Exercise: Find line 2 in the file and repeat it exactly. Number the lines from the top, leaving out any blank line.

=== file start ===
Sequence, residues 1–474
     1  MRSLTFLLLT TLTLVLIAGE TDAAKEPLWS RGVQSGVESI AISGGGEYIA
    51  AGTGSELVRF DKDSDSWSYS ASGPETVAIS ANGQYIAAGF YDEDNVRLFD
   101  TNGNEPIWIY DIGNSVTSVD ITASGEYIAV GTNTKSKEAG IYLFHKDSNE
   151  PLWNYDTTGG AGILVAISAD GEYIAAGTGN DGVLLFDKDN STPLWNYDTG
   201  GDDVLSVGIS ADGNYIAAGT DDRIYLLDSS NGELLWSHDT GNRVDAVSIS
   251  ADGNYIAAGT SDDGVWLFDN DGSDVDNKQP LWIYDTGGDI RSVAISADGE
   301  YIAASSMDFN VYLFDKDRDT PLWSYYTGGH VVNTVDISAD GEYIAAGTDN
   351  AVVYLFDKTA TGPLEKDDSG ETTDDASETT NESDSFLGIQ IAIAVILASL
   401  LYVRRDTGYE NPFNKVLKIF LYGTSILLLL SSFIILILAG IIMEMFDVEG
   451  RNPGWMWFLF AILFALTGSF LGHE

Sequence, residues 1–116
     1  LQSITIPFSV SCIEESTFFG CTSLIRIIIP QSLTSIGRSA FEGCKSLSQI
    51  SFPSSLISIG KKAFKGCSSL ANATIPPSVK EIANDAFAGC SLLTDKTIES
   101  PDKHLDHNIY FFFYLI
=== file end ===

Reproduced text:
     1  MRSLTFLLLT TLTLVLIAGE TDAAKEPLWS RGVQSGVESI AISGGGEYIA